Abstract

The City of Los Angeles is located on the east edge of the Pacific Plate, within the wide transform boundary zone with the North American Plate and near the big bend in the San Andreas fault. Situated just south of this restraining bend, the city is within the Western Transverse Ranges which are undergoing transpressional uplift along active thrust faults. The city has experienced and mitigated the effects of earthquakes on the San Andreas and local faults, floods, fires, droughts, landslides and debris flows.

The natural resources of Los Angeles include vast oil and gas deposits and the La Brea Tar Pits, an important Pleistocene fossil locality. Urbanization over and tunneling through both abandoned and active oil and gas fields have encountered hazardous conditions. Seepage of hazardous gasses has caused explosions within the city and as a result Los Angeles established methane mitigation requirements for construction in methane hazard zones.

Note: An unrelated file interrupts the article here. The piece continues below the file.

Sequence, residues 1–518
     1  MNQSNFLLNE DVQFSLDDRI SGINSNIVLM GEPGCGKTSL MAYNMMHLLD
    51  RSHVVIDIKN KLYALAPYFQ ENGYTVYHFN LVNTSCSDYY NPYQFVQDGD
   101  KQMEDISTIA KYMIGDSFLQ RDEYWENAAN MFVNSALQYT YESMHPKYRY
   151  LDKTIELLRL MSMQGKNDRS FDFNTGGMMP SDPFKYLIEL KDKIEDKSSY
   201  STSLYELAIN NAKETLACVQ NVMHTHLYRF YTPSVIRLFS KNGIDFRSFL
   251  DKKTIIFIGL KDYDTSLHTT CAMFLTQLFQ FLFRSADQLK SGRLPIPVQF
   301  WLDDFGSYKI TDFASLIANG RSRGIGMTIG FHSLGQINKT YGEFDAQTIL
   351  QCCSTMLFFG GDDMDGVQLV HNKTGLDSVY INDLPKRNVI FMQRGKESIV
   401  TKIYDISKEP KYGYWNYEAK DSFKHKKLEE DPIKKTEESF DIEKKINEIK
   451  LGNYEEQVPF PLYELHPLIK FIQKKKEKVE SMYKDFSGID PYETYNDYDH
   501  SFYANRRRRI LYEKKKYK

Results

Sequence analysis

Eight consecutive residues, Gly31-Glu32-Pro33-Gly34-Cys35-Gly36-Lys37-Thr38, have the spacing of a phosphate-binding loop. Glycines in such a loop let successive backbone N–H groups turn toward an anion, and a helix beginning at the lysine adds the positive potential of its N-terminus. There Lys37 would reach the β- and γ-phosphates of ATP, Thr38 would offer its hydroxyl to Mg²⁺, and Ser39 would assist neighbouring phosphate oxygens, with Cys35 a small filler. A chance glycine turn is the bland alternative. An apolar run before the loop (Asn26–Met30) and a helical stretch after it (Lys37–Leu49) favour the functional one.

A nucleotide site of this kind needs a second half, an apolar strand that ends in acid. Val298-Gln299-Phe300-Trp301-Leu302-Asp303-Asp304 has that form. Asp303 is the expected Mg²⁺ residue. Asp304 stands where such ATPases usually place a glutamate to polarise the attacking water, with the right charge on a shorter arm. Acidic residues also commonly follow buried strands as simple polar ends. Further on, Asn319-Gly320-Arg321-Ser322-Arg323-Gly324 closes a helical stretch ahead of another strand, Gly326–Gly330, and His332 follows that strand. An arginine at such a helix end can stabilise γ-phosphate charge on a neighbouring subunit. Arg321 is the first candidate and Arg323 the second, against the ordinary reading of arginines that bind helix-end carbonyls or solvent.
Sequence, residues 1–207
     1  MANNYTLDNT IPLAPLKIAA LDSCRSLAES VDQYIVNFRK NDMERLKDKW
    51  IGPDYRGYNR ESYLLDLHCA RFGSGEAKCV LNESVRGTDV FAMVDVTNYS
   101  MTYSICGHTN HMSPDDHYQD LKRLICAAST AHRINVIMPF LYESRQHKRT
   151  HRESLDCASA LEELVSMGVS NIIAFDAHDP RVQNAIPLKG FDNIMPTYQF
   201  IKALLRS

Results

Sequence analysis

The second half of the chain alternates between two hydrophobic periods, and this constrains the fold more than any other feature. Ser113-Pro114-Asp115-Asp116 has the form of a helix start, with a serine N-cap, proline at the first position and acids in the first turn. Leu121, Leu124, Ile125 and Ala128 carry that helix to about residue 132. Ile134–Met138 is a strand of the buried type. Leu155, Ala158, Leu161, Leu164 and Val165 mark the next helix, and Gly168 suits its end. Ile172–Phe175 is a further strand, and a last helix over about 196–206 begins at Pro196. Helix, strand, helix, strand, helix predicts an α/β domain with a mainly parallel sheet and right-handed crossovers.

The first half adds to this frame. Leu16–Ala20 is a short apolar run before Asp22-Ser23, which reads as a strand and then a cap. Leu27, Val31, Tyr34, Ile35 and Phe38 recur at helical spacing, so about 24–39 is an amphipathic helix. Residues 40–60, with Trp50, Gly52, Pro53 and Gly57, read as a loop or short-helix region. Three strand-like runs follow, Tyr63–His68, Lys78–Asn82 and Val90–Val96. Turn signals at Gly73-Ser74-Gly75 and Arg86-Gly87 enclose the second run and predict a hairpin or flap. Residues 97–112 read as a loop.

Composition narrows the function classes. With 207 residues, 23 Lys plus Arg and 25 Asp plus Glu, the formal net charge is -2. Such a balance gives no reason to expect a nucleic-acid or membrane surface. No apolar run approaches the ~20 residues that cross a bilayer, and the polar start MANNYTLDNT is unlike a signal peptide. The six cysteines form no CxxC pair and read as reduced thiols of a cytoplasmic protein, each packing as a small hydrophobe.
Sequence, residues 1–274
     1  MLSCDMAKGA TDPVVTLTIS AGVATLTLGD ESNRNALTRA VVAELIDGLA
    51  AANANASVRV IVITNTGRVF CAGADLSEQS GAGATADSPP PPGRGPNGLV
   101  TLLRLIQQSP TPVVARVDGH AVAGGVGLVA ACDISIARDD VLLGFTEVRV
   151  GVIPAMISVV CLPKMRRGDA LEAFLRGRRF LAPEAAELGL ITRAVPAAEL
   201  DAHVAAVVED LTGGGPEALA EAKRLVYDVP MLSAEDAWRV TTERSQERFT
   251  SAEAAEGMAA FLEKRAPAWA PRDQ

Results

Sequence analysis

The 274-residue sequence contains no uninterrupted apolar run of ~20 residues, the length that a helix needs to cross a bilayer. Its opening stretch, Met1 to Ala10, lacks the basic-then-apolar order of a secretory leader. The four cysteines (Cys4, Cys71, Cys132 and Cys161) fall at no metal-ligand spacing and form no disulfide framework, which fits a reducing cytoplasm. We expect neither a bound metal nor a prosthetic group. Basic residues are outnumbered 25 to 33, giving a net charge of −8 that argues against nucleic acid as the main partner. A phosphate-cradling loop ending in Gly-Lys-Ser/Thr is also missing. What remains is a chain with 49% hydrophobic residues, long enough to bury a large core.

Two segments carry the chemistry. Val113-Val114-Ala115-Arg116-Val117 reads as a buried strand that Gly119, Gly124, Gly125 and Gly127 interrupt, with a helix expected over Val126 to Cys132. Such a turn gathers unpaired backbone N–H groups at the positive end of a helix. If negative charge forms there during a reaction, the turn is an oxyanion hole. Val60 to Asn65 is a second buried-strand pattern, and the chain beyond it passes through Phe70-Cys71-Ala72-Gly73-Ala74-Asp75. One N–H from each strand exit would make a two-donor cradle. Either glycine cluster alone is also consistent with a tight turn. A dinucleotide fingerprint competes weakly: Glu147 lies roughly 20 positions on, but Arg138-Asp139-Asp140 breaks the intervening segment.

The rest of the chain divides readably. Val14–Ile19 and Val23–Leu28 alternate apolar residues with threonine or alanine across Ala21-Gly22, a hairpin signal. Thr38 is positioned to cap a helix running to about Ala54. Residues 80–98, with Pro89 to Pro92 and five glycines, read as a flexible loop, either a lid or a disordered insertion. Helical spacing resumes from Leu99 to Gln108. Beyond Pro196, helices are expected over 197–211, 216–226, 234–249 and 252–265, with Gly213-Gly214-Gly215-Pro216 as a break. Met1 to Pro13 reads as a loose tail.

Los Angeles has been aggressive in addressing issues of air, soil and water pollution control. A master plan for solid waste management has been implemented, regulating the siting and operation of landfills. Local sources of drinking water are inadequate to support the population. Importation of drinking water via three aqueducts has fueled the city's growth and agricultural prosperity.

The practice of engineering and environmental geology has been greatly influenced by laws, practices and policies that were started in or influenced by the City of Los Angeles. These include the 1915 Los Angeles Flood Control Act, 1929 California Dam Safety Act, 1958 Engineering Geologists Qualifications Board, 1933 Field Act, 1972 Alquist-Priolo Act, 1975 Seismic Safety Act, 1990 Hazards Mapping Act, and modifications to the Uniform Building Code for seismic safety.

You do not currently have access to this article.